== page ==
Menendez donor Melgen says he and embattled senator are ‘like brothers’
Salomon Melgen says he and New Jersey Senator Bob Menendez are “like brothers” and speak every week.
In an interview with Bloomberg News, the Florida eye doctor and Menendez donor insisted that the relationship has never run afoul of the law, despite multiple investigations into the pair’s political relationship.
“I don’t have any business interests at all that have been helped by any politicians,” Melgen told Bloomberg.
And that may be true, but it’s not for a lack of trying.
Menendez, who chairs the powerful Senate Foreign Relations Committee, has intervened at least twice on his donor’s behalf.
The New York Times reported in January that Menendez encouraged the U.S. government to clear the way for a stalled port security contract Melgen has with the Dominican Republic, which is worth approximately $500 million. The Times also reported that Melgen’s 2006 negotiations to purchase the port security firm coincided with a push by Menendez to require screening of all cargo headed to the United States.
The Washington Post reported in February that Menendez has also intervened at least twice in a dispute between federal officials and Melgen after the government determined that the eye doctor had overbilled Medicare by $8.9 million.
Melgen told Bloomberg that he never asked Menendez to intervene directly in his Medicare case. He only wanted “a clarification of the policy,” which the senator sought, Melgen said. “That’s what I wanted the senator to intervene on, not in my case,” he said.
Politico revealed last week that Melgen’s company only recently filed the required paperwork showing that he paid a lawyer named Alan Reider to start lobbying the Senate all the way back in 2009 on “issues related to Medicare reimbursement,” despite previous claims by Melgen’s lawyers that he had never hired a lobbyist.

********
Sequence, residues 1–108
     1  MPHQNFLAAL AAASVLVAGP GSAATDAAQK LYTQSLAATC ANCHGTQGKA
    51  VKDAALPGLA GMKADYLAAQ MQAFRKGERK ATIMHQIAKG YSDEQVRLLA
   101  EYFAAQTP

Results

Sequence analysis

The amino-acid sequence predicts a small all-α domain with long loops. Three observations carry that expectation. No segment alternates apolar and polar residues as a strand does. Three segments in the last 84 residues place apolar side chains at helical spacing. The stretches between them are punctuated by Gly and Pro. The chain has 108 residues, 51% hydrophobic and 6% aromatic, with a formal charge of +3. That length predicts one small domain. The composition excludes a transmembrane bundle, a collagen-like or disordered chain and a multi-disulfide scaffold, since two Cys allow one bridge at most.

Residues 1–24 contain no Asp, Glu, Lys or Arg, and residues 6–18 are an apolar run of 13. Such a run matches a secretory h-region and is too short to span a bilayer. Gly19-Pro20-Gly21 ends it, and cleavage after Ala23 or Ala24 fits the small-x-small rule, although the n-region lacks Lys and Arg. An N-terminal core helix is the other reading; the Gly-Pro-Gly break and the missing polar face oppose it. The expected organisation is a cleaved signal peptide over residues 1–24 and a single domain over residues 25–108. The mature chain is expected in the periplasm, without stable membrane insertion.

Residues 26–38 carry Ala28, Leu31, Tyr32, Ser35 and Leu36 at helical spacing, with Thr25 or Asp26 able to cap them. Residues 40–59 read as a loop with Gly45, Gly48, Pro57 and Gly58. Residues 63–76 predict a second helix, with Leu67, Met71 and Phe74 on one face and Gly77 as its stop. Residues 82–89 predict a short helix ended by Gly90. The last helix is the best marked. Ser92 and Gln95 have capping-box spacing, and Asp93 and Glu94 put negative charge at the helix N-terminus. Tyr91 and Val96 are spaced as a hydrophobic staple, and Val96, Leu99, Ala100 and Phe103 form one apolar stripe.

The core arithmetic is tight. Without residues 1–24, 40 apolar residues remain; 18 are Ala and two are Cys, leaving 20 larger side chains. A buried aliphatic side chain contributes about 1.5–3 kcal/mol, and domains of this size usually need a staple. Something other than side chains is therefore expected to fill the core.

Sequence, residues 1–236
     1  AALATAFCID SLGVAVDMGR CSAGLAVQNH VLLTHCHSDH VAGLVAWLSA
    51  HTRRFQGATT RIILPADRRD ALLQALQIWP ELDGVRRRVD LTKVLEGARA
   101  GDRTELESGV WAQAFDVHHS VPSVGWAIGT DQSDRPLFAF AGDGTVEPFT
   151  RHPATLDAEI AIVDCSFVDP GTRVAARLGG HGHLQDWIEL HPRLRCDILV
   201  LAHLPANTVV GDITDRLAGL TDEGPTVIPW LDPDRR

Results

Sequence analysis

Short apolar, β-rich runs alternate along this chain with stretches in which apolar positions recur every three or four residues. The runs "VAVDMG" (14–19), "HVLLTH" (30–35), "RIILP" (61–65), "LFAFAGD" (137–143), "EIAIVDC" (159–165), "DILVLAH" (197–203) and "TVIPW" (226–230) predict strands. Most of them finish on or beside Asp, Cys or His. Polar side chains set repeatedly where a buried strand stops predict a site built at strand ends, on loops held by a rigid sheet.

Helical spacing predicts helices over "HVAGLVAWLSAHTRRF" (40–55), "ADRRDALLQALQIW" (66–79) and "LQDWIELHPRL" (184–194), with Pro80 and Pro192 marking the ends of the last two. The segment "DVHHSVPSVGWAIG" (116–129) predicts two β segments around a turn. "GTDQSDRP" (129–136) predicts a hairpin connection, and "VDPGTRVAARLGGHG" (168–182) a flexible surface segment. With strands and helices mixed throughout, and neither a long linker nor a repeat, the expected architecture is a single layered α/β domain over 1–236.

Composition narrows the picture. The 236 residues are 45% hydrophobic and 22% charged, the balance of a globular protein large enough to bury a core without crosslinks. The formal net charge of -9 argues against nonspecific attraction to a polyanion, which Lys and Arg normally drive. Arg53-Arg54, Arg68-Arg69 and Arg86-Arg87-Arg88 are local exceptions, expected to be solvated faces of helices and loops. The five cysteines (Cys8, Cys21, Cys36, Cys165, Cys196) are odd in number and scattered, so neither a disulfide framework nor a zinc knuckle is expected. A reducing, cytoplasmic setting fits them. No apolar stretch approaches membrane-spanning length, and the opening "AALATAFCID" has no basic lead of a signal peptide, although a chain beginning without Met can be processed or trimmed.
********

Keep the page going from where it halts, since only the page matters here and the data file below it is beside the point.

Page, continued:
“The retroactive 2009 registration date places Reider’s initial lobbying activity in the same year that Menendez complained to the head of the Centers for Medicare and Medicaid Services that its $8.9 million ruling against Melgen was unfair,” Politico reported.
Menendez has consistently denied impropriety.
“Nobody has bought me, No. 1. Nobody. Never,” Menendez told Univision in early February. “In the 20 years that I have been in Congress, never has it been suggested that this could even be possible.”
Menendez recently reimbursed Melgen $58,500 for two 2010 flights on the doctor’s private jet. Menendez’s chief of staff, Dan O’Brien, told NBC News in January that he was “chalking [the failure to reimburse] up to an oversight.”
Melgen donated $700,000 last year to Senate Majority Leader Harry Reid’s Majority PAC, which in turn spent $582,500 on Menendez’s re-election. Politico reported in March that Melgen has also flown Reid on his private jet, though that senator’s office says the flight was reimbursed.
Melgen told Bloomberg News that the all the press attention surrounding his relationship with Menendez and other lawmakers has hurt his reputation.
“They took away my dignity,” Melgen said. “They portrayed me as a greedy guy who was with politicians for the quid pro quo.”
Both Menendez and Melgen have regularly referred to their long term friendship when defending their behavior.
“Dr. Melgen has been a friend and political supporter of Senator Menendez for many years,” an aide told The New York Times in January.
“The senator and I have become like brothers, like friends,” Melgen told Bloomberg.
I talk to him weekly. I see him once a month. Not right now, since this whole thing has started. But we enjoy each other’s company,” he said. “He could do great things for this country, especially as chairman of the Foreign Relations Committee.”